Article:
November 12, 2015

Big pour for 41-story tower on Boren Ave.

Photo from Mortenson Construction [enlarge]
The foundation is for a 393-unit residential tower on the same half block as the Tilt49 office complex.

Rendering by ZGF Architects [enlarge]
The tower is at 1812 Boren Ave.

Crews poured 4,500 cubic yards of concrete last weekend to finish the mat foundation for AMLI Residential and Mortenson Development's 41-story residential tower in Seattle.

The tower is at 1812 Boren Ave., on the same half block as Tilt49, an office complex being developed by Touchstone, URG and Principal Real Estate Investors.

Mortenson Construction, an affiliate of Mortenson Development, is building both projects and ZGF Architects designed both.

Last weekend's pour required 430 loads of concrete and five placement booms. The concrete is strengthened by 2 million pounds of rebar.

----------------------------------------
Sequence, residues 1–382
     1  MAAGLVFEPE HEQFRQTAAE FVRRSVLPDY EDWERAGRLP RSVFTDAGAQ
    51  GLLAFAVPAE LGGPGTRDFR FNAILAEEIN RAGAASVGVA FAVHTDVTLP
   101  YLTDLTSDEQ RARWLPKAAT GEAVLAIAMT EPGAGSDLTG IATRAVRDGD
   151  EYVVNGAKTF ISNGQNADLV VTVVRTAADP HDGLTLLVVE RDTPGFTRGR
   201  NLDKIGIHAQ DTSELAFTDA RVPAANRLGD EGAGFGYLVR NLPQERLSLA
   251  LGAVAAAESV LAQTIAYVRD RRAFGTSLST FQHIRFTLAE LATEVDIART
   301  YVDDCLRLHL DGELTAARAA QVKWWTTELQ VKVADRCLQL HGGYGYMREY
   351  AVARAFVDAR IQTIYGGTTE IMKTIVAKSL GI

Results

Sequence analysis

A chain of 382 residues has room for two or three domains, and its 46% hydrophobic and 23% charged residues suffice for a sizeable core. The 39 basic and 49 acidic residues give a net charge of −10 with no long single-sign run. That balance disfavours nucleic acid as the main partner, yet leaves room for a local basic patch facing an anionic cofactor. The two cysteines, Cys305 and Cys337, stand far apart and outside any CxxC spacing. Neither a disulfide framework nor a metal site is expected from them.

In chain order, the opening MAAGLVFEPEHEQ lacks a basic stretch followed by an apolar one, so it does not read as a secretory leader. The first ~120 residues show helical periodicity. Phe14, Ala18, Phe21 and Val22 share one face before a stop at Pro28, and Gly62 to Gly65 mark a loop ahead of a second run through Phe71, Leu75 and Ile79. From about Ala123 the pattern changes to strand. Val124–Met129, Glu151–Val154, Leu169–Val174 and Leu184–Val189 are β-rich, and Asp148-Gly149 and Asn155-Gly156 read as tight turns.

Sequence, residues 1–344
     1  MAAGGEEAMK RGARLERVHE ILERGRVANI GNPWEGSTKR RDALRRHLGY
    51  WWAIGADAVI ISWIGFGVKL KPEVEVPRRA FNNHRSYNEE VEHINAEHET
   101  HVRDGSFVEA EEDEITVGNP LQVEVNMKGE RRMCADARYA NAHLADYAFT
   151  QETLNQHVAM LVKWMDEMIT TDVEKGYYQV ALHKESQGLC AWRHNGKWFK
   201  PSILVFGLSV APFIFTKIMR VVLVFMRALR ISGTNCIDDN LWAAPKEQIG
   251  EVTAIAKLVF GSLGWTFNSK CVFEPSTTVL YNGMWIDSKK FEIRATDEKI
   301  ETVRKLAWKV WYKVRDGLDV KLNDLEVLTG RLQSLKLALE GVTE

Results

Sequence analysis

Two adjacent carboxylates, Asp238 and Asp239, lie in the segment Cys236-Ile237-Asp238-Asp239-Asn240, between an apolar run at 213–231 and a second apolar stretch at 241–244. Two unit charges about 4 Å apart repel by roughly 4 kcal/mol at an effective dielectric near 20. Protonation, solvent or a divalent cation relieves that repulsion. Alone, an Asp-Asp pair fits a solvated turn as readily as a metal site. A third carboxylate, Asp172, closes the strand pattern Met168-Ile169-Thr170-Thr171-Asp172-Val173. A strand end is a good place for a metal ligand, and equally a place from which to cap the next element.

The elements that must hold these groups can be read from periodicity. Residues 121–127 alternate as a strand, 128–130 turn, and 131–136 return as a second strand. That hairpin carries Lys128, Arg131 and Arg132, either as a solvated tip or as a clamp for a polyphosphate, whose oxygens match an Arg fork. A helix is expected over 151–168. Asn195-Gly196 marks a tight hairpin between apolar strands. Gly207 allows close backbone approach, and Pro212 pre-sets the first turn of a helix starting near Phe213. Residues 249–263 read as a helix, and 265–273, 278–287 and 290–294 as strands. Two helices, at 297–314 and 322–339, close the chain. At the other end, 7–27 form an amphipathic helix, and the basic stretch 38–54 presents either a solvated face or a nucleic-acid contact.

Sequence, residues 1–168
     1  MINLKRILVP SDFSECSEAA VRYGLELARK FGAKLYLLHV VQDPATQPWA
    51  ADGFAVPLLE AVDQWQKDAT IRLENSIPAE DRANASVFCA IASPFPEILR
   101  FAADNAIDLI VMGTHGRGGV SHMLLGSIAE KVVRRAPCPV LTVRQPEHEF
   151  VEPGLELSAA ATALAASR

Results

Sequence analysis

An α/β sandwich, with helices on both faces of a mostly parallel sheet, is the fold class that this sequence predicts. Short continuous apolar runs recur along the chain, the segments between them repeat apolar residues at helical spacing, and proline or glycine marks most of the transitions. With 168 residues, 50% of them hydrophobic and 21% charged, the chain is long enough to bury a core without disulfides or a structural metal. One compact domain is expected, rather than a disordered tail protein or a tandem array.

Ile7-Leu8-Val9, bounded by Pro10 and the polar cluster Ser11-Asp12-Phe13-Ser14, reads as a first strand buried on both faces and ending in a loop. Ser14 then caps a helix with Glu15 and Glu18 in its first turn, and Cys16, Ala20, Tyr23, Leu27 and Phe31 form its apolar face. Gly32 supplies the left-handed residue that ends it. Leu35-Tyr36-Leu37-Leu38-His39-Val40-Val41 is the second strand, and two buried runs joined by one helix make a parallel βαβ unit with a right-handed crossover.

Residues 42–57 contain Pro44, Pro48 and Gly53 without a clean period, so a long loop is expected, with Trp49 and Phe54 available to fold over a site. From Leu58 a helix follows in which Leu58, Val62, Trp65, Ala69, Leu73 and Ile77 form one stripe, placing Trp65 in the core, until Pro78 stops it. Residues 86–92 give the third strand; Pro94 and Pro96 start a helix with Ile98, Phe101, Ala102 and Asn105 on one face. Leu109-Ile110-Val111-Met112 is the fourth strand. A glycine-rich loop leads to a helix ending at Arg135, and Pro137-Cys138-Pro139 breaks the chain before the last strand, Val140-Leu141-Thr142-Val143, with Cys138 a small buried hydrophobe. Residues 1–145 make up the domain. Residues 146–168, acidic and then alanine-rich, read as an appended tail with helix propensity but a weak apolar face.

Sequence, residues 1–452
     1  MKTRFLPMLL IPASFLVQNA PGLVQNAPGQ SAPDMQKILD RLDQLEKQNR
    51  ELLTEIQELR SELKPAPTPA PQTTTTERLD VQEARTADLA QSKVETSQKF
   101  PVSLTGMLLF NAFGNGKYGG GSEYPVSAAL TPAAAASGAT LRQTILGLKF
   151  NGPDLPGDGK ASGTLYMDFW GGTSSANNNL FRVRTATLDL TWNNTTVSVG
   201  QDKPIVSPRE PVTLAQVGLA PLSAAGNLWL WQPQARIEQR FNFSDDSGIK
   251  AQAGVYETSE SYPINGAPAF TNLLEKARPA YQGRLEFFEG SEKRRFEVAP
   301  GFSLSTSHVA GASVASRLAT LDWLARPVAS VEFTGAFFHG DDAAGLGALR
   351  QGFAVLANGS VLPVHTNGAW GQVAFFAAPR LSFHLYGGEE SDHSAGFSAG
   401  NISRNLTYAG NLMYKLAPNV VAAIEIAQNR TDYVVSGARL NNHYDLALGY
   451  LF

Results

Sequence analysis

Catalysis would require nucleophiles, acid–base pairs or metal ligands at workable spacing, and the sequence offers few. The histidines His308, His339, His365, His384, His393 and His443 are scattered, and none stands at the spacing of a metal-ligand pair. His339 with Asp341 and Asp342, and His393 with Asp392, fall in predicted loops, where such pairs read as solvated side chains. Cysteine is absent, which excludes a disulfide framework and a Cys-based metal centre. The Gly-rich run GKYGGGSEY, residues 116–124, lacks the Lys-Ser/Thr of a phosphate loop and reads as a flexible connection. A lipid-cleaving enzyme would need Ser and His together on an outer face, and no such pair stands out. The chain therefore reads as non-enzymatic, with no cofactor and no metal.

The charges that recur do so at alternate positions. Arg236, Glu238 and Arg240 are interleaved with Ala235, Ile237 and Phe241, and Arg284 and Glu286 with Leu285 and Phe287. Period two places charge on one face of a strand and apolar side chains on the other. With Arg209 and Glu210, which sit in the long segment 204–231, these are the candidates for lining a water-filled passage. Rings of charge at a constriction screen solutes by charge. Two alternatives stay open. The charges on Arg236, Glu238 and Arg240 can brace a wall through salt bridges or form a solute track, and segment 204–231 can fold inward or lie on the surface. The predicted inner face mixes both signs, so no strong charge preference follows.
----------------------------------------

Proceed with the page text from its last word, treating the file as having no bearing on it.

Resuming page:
Seattle-based structural and civil engineering firm Magnusson Klemencic Associates designed the foundation, which required excavating more than 130,000 cubic yards of soil.

The residential tower will open in 2017. It will have amenity spaces on the 12th and 41st floors, including barbecues on a rooftop deck. There also will be a private party room with outdoor dining area, a kitchen for large parties, fitness center and yoga studio, media room, conference rooms and co-working spaces, a bicycle maintenance and storage area, and a pet spa.

The 393 apartments will range from units with exposed-concrete ceilings and industrial-style interiors to penthouses with condo-quality finishes.

Mortenson expects to finish the residential tower sometime in 2017 and finish Tilt49 in the second quarter of 2017. It is targeting LEED gold for the residential tower.

Tilt49 will have 220,000 square feet of office space on 11 floors. The half-block will also have a five-level, 509-stall underground parking garage and ground-floor retail space.

A Mortenson news release says the projects — and the recently finished Hill7 office and hotel project across the street — are revitalizing the Denny Triangle from an area of surface parking lots and auto service centers.

Mortenson built Hill7 and Touchstone is the developer.